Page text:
Free access
Review
Issue
Apidologie
Volume 41, Number 3, May-June 2010
Honey bee health
Page(s) 243 - 255
DOI http://dx.doi.org/10.1051/apido/2010025
Published online 16 June 2010

© INRA/DIB-AGIB/EDP Sciences, 2010

1. INTRODUCTION

Losses of honey bee (Apis mellifera L.) colonies have been documented repeatedly during the last years in Europe (Neumann and Carreck, 2010) and in the United States (van Engelsdorp et al. 2008, 2009). Colony mortality characterized by rapid loss of adult worker bees was named colony collapse disorder (CCD) (van Engelsdorp et al., 2009). But there is little data on similar symptoms of bee losses outside of these areas, including Latin America (LA). Countries like Argentina and Mexico have a strong beekeeping tradition, and are among the world’s largest honey producers (ranking 2nd and 6th, respectively) and exporters (1st and 3rd respectively; FAOSTAT, 2009). Therefore it is interesting to focus on the LA region to determine if colony losses have been reported.

In this paper we first state that no massive losses due to symptoms described for CCD have been documented to date in LA. Therefore we attempt to determine possible reasons for differences between what is occurring in the US and bee losses in Europe compared to LA. We structure our observations by examining the four items considered as possible factors responsible for colony loss in the Managed Pollinator Coordinated Agricultural Project (Managed Pollinators CAP, 2008; Pettis and Delaplane, 2010): disease agents (pathogens, parasites) and environmental factors (nutrition, pesticides). We examine if the conditions in LA ameliorate the impact of these factors, and if these conditions could explain the relatively good health of the honey bees in this region. Finally we speculate on the risks that might disrupt the fragile equilibrium of bee health in LA in the future.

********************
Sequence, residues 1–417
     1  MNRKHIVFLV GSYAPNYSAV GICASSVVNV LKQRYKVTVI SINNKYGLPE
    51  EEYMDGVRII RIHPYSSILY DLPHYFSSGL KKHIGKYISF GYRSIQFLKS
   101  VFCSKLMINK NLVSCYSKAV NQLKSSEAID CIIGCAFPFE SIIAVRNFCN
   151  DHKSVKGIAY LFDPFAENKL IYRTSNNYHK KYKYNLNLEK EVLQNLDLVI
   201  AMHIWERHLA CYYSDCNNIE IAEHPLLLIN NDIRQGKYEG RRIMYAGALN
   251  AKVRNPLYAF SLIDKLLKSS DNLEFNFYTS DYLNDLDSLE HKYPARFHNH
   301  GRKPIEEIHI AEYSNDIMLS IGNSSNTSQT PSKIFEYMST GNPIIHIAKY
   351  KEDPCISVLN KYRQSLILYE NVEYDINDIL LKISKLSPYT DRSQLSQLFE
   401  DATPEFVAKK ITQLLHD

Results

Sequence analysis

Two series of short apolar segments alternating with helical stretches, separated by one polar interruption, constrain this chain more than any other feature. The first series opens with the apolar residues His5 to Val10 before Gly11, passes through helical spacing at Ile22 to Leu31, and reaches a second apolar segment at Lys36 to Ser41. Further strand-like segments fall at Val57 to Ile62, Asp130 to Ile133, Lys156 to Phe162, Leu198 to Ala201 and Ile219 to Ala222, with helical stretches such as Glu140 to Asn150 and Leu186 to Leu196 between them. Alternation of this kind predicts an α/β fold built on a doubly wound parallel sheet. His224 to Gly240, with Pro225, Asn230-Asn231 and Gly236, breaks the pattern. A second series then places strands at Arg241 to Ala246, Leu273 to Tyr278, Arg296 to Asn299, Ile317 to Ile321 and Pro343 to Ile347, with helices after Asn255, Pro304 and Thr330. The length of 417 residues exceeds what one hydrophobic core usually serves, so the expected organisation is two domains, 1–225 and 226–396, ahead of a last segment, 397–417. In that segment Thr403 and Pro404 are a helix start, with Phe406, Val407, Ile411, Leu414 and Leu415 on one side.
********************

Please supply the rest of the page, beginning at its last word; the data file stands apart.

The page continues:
2. PRESENT SITUATION: NO MASSIVE LOSSES OF COLONIES IN LA

Evaluating the health of honey bees in LA is a difficult task for two reasons. First, this region is large and highly diverse, with beekeeping being practiced over a wide range of climates (from tropical to temperate) and altitudes (from sea level to around 2000 m altitude), by very different beekeepers (who have from 15 colonies each in Mesoamerica up to 15 000 in northern Mexico or the Pampas region of Argentina). Hence it is hard to draw a general picture that can take into account all of this diversity. Second, there is little synthetic information published on honey bee health in different parts of the region.

However, to date, from Mexico to Argentina, there have been no reports of massive colony losses or weakening of colonies due to adult bees losses, such as described by CCD, by official institutions, researchers, or beekeepers professional beekeeping organizations. This situation is the same in Africa, southern Asia and Australia (Neumann and Carreck, 2010). Local problems in various regions of LA are commonly reported however and we will mention some of them here.